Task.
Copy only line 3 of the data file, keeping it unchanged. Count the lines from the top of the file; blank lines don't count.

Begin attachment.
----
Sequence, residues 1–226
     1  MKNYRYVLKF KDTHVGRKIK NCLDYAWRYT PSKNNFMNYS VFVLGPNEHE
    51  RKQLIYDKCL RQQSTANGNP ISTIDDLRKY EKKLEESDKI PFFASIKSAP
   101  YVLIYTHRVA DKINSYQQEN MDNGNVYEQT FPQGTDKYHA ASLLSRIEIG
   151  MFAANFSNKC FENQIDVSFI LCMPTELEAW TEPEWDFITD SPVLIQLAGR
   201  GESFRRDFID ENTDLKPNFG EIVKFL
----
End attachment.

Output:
    51  RKQLIYDKCL RQQSTANGNP ISTIDDLRKY EKKLEESDKI PFFASIKSAP